Top positive review
Difficult Read, but Riveting Nonetheless!
Reviewed in the United States on June 20, 2017
I bought and read this book for the first time in June 2012, which means it was among the first books I read when I began reading HRs after a 20 year break. Since that time I've read it three times - the most recent being on a mini vacay. This book has always stuck in my mind for reasons I'll attempt to outline below.
First of all, the heroine, Abigail Carrington, was a dream. She was beautiful, feisty and most importantly, she was gifted with a wonderfully generous soul. Her mother died when she was young resulting in her father taking her along as he traversed the oceans on his shipping expeditions. At some point, Abbey desperately needed a woman to take her in hand, so her father decided to kick his little beauty off his ship and send her to school, resulting in Abby living a very unusual life until she ultimately settled with her aunt and cousins in America. Since Michael Ingram worked for her father in his business, she had known him from an early age.
From the time she was a little girl, her father told her that one day she would marry Michael Ingram. He then proceeded to manipulate Abbey's entire life by using her future marriage to Michael in order to get her to comply with his desires, continually telling Abbey that Michael loved her and one day Michael would send for her and marry her - when in fact, Michael never gave Abbey a second thought once she left her father's ship. In Michael's mind, Abbey was simply the little bratty daughter of his former boss. Abbey had no idea that her father and Michael had some business dealings involving a loan which Mr. Carrington had made to Michael.
There was a reason for the duplicitous and deceptive scheme perpetrated by Abbey's father in his business dealings with Michael. What Michael thought was a straightforward loan from Mr. Carrington to Michael ultimately became so complicated I won't begin to try and explain it because it never made sense to me. All one need know is pertinent details of the loan were set forth by Michael's unscrupulous father and Abbey's father. Therefore, Michael never realized one stipulation of the loan left him with no other option except to marry Abbey. When he learns this fact, he is livid.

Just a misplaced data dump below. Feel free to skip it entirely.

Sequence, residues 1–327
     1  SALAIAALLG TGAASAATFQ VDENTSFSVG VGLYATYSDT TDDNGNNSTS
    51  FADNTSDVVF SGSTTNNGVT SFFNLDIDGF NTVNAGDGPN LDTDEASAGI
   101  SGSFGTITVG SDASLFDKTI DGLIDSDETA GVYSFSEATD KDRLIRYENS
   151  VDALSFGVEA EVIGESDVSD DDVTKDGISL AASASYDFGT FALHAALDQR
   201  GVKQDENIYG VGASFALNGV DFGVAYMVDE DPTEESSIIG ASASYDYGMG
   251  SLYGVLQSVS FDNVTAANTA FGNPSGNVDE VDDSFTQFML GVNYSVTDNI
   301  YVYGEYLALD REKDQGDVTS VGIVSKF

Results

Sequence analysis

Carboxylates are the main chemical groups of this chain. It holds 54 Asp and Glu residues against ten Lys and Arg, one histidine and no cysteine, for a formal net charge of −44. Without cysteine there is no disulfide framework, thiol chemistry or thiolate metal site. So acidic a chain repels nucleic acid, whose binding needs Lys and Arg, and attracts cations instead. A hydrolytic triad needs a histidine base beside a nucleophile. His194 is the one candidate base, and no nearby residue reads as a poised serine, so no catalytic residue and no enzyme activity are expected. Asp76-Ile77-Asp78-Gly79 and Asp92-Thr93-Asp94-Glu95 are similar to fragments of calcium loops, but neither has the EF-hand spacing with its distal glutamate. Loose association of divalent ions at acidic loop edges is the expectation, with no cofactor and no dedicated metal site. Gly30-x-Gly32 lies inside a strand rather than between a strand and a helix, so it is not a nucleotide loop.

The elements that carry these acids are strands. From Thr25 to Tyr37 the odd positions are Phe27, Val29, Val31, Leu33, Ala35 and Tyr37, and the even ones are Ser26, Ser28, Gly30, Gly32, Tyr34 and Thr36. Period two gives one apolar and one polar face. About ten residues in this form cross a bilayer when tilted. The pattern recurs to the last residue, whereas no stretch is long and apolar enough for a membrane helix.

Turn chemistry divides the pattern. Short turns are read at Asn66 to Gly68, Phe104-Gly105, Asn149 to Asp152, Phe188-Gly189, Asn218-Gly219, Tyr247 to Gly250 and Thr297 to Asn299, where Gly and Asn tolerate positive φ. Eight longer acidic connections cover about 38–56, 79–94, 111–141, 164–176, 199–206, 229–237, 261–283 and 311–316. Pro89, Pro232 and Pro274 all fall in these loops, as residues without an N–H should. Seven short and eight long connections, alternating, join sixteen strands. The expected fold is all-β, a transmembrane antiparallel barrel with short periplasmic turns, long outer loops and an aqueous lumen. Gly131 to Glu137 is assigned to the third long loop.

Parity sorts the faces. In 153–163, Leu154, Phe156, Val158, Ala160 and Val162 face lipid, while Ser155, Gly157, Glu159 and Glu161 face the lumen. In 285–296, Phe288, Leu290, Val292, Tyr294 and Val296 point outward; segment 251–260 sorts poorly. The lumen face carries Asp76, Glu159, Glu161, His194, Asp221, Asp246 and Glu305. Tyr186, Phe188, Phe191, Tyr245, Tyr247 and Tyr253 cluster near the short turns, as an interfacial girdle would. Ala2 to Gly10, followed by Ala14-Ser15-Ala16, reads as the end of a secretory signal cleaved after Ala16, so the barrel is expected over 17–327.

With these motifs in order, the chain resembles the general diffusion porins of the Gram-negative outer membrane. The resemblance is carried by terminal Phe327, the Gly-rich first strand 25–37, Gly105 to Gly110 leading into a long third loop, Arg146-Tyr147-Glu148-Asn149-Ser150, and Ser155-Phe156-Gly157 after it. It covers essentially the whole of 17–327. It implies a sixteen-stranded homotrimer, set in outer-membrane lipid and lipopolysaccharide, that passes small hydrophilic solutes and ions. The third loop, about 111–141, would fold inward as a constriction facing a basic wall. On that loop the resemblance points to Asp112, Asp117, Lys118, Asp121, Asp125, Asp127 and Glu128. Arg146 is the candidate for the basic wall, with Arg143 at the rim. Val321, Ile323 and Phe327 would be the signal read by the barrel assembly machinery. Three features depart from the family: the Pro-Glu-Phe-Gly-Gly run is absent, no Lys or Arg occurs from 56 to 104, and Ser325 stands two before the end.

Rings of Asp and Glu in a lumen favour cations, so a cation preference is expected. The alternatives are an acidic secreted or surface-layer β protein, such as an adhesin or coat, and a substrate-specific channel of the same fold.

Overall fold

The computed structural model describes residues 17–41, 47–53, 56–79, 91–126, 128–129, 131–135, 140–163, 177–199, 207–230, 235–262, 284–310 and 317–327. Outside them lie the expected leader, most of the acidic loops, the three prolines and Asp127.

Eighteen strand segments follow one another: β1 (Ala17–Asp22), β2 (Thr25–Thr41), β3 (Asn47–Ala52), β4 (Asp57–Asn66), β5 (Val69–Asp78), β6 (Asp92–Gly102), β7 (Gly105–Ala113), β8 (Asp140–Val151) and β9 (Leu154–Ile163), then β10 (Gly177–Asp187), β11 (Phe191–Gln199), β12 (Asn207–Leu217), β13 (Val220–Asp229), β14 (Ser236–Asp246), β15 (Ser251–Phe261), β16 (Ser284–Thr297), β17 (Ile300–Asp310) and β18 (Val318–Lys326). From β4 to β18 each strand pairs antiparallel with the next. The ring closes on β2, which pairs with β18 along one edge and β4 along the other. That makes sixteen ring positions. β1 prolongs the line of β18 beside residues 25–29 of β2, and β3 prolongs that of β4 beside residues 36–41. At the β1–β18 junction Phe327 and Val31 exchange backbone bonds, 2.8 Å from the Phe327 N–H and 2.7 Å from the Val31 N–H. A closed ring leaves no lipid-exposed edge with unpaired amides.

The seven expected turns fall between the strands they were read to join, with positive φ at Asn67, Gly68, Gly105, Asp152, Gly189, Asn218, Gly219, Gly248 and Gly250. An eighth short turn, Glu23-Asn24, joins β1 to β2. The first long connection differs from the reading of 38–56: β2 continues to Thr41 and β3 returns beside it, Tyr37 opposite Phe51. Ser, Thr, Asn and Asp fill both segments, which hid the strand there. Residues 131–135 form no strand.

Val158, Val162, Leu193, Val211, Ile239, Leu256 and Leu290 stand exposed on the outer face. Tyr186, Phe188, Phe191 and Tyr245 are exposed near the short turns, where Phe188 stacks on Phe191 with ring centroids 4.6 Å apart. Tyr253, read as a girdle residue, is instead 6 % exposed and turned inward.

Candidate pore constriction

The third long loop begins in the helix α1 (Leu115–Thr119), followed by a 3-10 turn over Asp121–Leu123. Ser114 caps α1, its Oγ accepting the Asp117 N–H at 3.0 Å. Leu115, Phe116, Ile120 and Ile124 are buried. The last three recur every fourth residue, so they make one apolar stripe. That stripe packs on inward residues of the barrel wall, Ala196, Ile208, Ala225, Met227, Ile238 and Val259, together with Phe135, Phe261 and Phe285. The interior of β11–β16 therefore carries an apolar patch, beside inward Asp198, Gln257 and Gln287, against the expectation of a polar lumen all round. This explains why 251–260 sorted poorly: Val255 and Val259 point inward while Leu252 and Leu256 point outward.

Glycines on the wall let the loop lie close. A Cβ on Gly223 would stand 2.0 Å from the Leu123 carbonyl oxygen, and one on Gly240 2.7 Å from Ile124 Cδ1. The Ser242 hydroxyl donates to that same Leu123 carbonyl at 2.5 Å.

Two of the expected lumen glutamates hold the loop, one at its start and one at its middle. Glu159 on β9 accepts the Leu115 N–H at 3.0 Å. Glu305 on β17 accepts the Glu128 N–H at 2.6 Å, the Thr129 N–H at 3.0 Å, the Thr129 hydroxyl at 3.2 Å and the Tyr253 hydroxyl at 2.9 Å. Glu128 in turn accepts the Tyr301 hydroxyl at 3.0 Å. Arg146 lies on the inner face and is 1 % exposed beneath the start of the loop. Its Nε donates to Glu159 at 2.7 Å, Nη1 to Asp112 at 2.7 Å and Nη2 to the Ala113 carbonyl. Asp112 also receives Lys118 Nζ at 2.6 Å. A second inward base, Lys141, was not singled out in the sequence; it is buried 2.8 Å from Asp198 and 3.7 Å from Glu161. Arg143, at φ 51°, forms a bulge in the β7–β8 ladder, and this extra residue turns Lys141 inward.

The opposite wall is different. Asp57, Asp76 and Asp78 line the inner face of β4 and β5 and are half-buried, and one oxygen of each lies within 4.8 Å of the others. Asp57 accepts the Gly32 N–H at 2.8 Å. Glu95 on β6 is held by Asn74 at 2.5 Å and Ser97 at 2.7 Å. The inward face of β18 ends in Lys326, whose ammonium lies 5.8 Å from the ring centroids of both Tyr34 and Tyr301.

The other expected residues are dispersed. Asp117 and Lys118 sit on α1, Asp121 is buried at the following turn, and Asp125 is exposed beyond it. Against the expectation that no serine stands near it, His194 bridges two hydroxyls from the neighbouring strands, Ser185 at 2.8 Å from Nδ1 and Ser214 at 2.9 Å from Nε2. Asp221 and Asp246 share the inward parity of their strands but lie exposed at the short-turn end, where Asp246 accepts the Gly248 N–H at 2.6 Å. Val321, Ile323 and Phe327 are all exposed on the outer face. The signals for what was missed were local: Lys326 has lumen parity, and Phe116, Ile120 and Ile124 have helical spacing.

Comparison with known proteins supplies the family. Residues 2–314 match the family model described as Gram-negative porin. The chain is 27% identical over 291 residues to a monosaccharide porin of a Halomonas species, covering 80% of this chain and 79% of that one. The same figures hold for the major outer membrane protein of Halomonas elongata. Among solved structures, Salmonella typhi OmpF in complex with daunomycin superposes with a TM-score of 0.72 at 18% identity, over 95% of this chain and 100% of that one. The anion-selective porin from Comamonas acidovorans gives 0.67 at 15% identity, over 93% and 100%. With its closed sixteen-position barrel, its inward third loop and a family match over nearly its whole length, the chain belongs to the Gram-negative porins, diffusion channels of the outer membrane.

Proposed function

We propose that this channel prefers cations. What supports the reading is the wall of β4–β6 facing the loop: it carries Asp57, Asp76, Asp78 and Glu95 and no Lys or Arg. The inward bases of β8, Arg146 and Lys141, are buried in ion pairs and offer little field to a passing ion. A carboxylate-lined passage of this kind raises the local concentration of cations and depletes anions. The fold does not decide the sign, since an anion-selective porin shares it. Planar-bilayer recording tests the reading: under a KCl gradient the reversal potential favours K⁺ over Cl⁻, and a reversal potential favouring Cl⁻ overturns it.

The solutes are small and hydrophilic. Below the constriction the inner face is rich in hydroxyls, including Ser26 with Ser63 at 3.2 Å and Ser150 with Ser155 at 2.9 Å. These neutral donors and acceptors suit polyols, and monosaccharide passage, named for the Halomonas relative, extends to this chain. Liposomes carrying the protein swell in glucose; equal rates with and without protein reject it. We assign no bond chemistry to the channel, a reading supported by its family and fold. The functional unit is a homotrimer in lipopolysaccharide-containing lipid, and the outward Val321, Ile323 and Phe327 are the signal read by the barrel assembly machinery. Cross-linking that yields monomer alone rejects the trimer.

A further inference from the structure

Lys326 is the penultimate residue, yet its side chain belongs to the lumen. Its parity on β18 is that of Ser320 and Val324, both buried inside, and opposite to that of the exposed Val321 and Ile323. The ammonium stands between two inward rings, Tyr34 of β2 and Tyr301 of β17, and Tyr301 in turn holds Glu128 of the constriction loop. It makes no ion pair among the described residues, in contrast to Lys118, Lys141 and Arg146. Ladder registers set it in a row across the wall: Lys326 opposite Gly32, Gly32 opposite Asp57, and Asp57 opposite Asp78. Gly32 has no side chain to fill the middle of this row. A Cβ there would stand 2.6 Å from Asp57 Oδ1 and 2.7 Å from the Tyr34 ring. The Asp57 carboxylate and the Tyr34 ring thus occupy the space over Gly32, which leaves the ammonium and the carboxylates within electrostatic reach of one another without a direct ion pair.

So, what we have is a young woman who has prepared her entire life to be the wife of Michael Ingram. The same Michael who is now rich in his own right, having successfully built a shipping business, then worked toward rebuilding the family estate after his father passed and left him the title of the Marquis of Darfield. To say he's a hardened young man due to the hardships of his past might be putting it a bit mildly. When Abbey arrives from America, thinking to join the man for whom she's spent years preparing herself, she is in for the shock of her life.
Prepare yourself to dislike Michael for his treatment of Abbey. If your reaction is anything like mine, you'll be distressed for our sweet Abbey, you'll want to hammer Michael, then you'll hope they can work everything out. Once, it appears they have fallen in love and the Big Misunderstanding occurs, you may want to bring out your hammer again. This part was difficult. There are some sad times in store for both Abbey and Michael, but the fact Michael does have a period of suffering (which in my opinion he deserved) helps even out the storyline. Wow, do I sound revengeful? Perhaps, but I was tired of Abbey having to be a doormat, first by her father and later by Michael when in fact, she did have a strong backbone and she was a truly admirable young woman.
This book has a flavor of some of the older romance novels, where the heroes were, if anything, given carte blanche by the authors to be more heavy handed in their dealings with the women in their lives - not in a physical manner but still a measure of "I am the King of the Hill and never forget you are my Underling." Since I've made the foregoing statement, you may wonder why the four stars?? I felt that Michael redeemed himself and truly repented of his overtly domineering and hateful actions. I suspect many readers will disagree with me, but I really enjoyed this book.